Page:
A big culture shock occurred when Courtney and her family moved to San Luis Obispo before she started 10th grade. Her father, Allen, was hired as Dean of the Business School at Cal Poly. “The Black population in San Francisco was plummeting, but there was enough diversity to not feel completely different. That wasn’t the case in San Luis Obispo.” Courtney’s father died in 2018. Her mother, Barbara Haile, worked for many years as an assistant to former Congresswoman Lois Capps. Her brother, Jonathan, is active in the arts scene as a cabaret singer and as a costume designer for the local drag and burlesque communities.
Courtney relied on her class clown, attention-getting, fall-back behavior as a way of coping. She had no Black friends she socialized with. “There were a group of Black and brown kids who were referred to as ‘gangsters,’ which was ridiculous and racist, but I didn’t hang out with them. I gravitated toward white students.”
Overt racism was not part of Courtney’s experience at SLOHS, which she described as positive, but being “very identifiable,” she was some- times singled out for consequences that others didn’t receive. “We were pranksters, but I obviously didn’t act alone.”
An outstanding track athlete, Courtney attended the University of Maryland. “It was extremely diverse there. I was a member of an all-Black sprint squad. It was really important to have Black friends for the first time.” After two years, she transferred to the University of Southern California, where she took her first African American studies classes. “I took music and classes that added some structure to the media images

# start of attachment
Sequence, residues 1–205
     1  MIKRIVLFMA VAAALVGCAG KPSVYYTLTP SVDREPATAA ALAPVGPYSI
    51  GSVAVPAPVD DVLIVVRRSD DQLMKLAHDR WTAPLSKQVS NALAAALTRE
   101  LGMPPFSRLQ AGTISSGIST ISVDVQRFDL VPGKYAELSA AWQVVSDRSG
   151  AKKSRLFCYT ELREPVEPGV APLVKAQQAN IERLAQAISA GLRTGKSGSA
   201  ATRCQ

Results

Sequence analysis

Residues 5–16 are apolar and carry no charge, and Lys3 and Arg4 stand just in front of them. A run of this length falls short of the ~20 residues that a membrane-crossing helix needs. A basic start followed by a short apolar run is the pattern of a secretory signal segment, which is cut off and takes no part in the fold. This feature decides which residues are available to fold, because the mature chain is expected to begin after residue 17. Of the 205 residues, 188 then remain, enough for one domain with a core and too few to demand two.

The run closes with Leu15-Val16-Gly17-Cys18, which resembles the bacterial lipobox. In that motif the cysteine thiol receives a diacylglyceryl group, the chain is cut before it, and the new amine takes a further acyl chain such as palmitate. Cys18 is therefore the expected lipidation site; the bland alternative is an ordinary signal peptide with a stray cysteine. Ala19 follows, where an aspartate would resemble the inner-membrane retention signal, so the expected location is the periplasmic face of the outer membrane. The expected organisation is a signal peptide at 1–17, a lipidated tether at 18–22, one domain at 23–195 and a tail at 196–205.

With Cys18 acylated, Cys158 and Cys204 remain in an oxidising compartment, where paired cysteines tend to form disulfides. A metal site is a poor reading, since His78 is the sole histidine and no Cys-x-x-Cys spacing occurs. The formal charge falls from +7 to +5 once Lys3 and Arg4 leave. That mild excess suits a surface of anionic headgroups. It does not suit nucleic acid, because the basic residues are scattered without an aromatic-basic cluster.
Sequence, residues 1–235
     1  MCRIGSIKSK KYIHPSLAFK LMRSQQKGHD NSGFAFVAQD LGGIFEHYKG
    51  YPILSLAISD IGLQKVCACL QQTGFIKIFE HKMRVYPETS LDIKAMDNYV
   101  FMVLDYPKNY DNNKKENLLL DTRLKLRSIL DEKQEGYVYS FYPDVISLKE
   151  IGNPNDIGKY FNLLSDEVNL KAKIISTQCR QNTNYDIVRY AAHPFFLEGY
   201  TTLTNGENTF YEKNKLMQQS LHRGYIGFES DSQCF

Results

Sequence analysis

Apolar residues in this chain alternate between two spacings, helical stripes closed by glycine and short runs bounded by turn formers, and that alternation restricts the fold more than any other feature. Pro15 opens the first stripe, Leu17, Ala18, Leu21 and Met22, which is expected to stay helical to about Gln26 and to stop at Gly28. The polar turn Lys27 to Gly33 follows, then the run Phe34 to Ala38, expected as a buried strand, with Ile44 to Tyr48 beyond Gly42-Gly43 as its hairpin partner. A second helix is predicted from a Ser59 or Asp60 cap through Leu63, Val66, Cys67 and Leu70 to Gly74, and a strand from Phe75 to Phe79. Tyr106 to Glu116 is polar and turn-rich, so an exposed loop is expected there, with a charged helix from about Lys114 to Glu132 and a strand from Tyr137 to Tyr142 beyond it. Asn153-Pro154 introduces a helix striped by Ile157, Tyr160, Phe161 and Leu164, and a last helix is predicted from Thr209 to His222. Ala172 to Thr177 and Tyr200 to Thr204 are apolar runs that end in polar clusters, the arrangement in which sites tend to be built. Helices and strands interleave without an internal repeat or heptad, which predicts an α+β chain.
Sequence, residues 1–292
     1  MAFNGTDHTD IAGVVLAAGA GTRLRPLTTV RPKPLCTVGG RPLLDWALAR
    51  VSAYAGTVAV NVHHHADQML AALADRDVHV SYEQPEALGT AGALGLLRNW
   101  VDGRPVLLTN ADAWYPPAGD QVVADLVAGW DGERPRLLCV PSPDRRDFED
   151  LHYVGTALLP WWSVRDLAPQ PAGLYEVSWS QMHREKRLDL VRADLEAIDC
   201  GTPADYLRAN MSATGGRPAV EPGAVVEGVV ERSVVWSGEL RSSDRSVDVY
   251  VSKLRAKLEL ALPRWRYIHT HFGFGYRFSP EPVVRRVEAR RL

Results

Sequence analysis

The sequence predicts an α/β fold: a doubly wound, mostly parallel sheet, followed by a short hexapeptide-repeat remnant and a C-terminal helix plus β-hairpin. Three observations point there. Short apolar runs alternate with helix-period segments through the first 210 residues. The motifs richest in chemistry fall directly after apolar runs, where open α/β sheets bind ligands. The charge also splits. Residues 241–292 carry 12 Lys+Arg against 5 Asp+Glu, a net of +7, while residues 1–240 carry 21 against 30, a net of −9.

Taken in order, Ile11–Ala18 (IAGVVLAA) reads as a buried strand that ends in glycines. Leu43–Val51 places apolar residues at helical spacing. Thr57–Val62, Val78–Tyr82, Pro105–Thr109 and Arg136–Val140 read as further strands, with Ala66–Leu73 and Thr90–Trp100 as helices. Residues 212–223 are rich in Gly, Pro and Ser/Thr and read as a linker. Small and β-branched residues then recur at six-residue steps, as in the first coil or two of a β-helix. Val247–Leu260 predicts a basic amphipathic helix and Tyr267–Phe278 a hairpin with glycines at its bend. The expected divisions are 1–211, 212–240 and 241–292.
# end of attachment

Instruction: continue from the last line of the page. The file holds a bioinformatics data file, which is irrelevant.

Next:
I was exposed to as a child. I started looking critically at the things I wasn’t taught when I was young. At USC our history was framed in a cool way, not ‘we’re the victims, feel sorry for us.’ We were the cool ones.”
With a degree in Communications, emphasizing media and race in society, Courtney worked in corporate publicity, which she found unfulfilling. “I applied for and landed a job at the Museum of Tolerance as a tour guide. It was my first public speaking experience other than in school, and a seed was planted there around race and ethnicity work, a lead up to what I’m doing now.”